The Problem of Forgotten Evidence

Among the things I know are things that I can’t remember where or how I learned them.

If that description is correct, does it follow that I now know things for which I have no evidence? Well, if I pick one of them (say, the claim that I spent quite a bit of my childhood on land that was deeded to the Souix in the treaty of 1852, a treaty altered unilaterally by the U.S. in 1868 in such a way that the land was no longer within Souix territory), I can say the following: my evidence is that I learned it somewhere, sometime; probably by reading it in a book.

But consider my state before reflecting on it. I’ve known for quite some time this fact. During this entire time, was I also aware that I learned it from a book? Did I, throughout the entire time that I’ve known this fact, believed that I learned it from a book? I doubt that this is true. But then it looks like I’m stuck: there are times that I knew this fact, but had no evidence for it. What I did have, however, was a disposition to form beliefs which have contents that support the content of the claim I know to be true. But how could such a disposition itself be evidence?


Comments

The Problem of Forgotten Evidence — 12 Comments

  1. Hi Jon,

    Right now, I know that there’s a computer in front of me. What is my evidence that there is a computer in front of me? Here’s a possible answer: I see it. (I see there to be a computer in front of me.)

    Also, right now, I know that Abraham Lincoln was assassinated in 1865. What is my evidence that Abraham Lincoln was assassinated in 1865? Here’s a possible answer: I remember it.

    Maybe those aren’t correct answers, but I’d need to hear why they’re not correct.

  2. Ram, yes, you’re right about this, that if you are allowed to use as evidence a claim that entails the claim in question there is no problem. For those that want a weaker notion of evidence, it’s hard to know what to say. (Which, I assume, you’ll like!).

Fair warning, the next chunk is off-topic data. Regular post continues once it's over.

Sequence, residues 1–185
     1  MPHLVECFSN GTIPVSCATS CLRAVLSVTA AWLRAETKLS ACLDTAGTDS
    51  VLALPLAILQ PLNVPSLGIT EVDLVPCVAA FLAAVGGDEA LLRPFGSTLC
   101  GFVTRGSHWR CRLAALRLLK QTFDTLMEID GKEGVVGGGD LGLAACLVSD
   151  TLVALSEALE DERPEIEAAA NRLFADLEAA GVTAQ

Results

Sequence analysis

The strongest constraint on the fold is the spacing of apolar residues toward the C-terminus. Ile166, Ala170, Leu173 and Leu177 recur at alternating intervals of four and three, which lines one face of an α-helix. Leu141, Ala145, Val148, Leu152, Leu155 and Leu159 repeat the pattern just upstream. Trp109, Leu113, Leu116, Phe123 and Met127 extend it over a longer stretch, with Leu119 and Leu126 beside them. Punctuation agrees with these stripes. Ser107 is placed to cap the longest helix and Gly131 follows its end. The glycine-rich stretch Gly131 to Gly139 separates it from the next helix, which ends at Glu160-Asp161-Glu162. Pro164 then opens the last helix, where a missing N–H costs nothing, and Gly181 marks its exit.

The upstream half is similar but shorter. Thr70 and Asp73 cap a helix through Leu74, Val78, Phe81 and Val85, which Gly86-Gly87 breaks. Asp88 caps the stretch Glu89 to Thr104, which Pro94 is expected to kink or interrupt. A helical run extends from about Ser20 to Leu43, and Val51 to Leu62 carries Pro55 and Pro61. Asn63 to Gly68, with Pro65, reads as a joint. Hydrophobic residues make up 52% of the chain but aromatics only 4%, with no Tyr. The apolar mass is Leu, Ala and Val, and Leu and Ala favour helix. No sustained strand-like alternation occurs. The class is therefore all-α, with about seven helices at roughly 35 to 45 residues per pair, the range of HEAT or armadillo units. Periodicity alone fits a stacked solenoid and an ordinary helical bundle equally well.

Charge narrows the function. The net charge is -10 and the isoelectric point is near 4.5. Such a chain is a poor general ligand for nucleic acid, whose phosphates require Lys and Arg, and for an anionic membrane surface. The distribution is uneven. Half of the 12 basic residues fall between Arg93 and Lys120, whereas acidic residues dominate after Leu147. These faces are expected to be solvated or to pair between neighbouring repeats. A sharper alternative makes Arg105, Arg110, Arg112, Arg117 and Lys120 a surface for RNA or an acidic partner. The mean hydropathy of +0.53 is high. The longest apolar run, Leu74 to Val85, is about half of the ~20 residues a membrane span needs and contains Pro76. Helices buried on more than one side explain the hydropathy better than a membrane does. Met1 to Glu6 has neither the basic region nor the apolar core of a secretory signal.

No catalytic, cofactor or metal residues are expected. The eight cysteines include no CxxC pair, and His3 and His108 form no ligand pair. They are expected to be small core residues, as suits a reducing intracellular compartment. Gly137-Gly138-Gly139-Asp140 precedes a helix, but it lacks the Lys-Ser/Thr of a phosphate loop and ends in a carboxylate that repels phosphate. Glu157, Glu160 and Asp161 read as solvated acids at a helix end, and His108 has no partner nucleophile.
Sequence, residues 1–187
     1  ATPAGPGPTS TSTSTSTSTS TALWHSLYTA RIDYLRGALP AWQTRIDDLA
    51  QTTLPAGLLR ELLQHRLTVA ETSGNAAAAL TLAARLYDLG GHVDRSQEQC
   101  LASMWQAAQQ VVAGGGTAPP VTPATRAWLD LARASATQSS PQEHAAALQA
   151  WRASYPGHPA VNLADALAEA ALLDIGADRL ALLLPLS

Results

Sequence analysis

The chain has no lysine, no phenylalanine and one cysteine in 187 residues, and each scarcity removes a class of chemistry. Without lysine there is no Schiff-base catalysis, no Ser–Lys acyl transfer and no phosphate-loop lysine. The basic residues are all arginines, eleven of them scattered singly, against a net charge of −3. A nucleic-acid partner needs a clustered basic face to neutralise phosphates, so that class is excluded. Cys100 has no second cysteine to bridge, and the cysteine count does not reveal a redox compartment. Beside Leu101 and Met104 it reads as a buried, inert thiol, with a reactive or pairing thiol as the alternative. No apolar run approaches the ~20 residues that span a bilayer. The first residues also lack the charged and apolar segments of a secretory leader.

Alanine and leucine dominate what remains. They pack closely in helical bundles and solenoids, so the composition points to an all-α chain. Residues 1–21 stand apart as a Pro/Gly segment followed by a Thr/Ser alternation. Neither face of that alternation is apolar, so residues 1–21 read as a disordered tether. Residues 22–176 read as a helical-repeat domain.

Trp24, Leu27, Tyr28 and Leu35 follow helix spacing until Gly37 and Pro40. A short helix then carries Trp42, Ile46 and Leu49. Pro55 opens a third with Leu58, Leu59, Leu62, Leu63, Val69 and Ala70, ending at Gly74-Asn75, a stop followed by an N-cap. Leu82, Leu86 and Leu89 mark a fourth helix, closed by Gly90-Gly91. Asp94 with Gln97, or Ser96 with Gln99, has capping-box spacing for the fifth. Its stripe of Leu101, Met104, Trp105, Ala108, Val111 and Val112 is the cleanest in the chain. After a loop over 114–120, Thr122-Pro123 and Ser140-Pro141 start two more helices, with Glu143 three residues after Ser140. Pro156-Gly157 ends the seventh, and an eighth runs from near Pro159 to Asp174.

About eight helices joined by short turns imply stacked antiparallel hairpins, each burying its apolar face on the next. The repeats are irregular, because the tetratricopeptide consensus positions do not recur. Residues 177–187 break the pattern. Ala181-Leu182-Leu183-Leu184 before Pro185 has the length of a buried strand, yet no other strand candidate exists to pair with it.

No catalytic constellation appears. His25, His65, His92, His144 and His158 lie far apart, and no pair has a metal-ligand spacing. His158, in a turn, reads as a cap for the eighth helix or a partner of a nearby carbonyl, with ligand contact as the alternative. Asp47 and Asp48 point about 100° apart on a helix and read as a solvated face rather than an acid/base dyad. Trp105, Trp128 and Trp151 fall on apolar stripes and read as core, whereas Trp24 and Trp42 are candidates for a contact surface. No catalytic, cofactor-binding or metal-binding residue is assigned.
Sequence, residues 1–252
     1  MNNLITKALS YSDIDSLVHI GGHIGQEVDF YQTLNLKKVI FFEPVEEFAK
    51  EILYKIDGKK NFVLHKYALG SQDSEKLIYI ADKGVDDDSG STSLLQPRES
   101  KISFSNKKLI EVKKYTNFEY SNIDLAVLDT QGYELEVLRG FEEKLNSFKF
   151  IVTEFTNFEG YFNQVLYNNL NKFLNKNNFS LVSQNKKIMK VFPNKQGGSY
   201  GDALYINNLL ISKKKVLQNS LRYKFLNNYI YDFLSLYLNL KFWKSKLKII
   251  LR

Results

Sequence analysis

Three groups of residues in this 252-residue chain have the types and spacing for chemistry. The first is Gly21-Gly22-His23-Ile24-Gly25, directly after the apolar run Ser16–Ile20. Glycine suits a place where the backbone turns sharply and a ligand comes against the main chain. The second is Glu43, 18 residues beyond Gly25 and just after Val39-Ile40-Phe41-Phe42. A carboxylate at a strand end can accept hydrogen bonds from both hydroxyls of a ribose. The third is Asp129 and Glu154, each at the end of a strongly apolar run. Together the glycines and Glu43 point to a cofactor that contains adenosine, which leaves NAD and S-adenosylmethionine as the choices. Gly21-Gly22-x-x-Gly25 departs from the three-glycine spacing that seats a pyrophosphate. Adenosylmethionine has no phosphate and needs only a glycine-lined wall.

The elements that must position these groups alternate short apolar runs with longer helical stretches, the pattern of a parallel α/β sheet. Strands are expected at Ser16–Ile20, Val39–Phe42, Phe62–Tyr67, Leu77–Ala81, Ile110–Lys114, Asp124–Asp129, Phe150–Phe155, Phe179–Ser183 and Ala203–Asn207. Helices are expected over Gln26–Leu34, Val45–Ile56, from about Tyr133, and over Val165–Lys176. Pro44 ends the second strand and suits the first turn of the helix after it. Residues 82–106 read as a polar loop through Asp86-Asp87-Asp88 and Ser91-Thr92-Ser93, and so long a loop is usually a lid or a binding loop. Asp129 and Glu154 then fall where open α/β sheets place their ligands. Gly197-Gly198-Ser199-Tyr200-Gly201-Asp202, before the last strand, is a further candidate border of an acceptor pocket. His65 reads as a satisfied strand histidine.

3. Jon,

    It seems that you’re going to get p justified by entailment from what you know in any case. Assume that we do know p in the forgotten evidence cases you describe. Let e be the evidence that justifies me in believing p. Even if I don’t know the content of e, I must know that (1) (Ee)(e justifies me in believing p). But then what I know (viz. (1)) entails that p is justified.
    If I don’t know (1)–if I don’t know that there is some evidence that justifies me in believing that p–then it’s harder to see how I know p in the forgotten evidence cases.

  4. Mike, I think your claims require too much reflection for knowledge, and knowledge by memory, to be present. If I’ve forgotten my evidence, in the ordinary case, I’ll retain the belief in question and if I knew it originally, I will, presumably, still know it. When I reflect on my knowledge, I’ll come to believe your principle (1). But I knew the claim prior to reflecting, and hence prior to taking any attitude at all toward (1).

  5. Realiblism. You learned that p in the past and your memory serves as a realible mechanism for knowing that p, even if you cannot remember how you learned that p.

    The latter is only a case in which you are not justified in believing that you learned that p by such and such or so and so. It is not (necessarily) a case in which you are not justified in believing that p.

  6. Ram, I’ve been thinking more about your proposal. I’m more worried about it now than I was originally. Here’s the worry. On the perceptual knowledge case, notice that you cite a mental state of the knower (or at least you cite something constituted in part by a mental state). To see the computer in front of you is to be in a relevant experiential state. It’s different from the state of believing, though they are presumably related causally.

    So now take your memorial knowledge. I know when Lincoln was assassinated. Do I remember it? Let’s suppose that the remembering is a mental state as well, or is composed in part by one. It won’t be identifiable with belief, though it may be related causally to belief.

    But this doesn’t sound plausible to me. Do I remember, if this is what remembering is. I would say that sometimes I remember and sometimes not, though if asked to explain why I think Lincoln was assassinated, I’ll then be in a mental state accurately reportable by saying that I remember it. But that state, it seems to me, comes and goes, just as my perceptual state of seeing a computer screen in front of me comes and goes.

    What doesn’t come and go, it seems to me, is (pardon waxing metaphoric here) the location of the information about Lincoln. It’s always located in my memory box. I don’t see how that gives me any evidence, when I’m not remembering, that Lincoln was assassinated.

  7. _I would say that sometimes I remember and sometimes not, though if asked to explain why I think Lincoln was assassinated, Iâ??ll then be in a mental state accurately reportable by saying that I remember it_.